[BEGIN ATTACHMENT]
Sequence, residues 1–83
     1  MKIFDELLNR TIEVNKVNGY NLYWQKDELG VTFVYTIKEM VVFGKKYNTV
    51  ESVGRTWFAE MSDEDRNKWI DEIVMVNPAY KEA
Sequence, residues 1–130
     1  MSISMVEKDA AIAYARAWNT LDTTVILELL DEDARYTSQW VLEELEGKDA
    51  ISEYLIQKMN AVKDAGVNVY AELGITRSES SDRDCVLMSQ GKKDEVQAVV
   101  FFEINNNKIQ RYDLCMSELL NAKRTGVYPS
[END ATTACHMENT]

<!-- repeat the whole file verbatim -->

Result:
Sequence, residues 1–83
     1  MKIFDELLNR TIEVNKVNGY NLYWQKDELG VTFVYTIKEM VVFGKKYNTV
    51  ESVGRTWFAE MSDEDRNKWI DEIVMVNPAY KEA
Sequence, residues 1–130
     1  MSISMVEKDA AIAYARAWNT LDTTVILELL DEDARYTSQW VLEELEGKDA
    51  ISEYLIQKMN AVKDAGVNVY AELGITRSES SDRDCVLMSQ GKKDEVQAVV
   101  FFEINNNKIQ RYDLCMSELL NAKRTGVYPS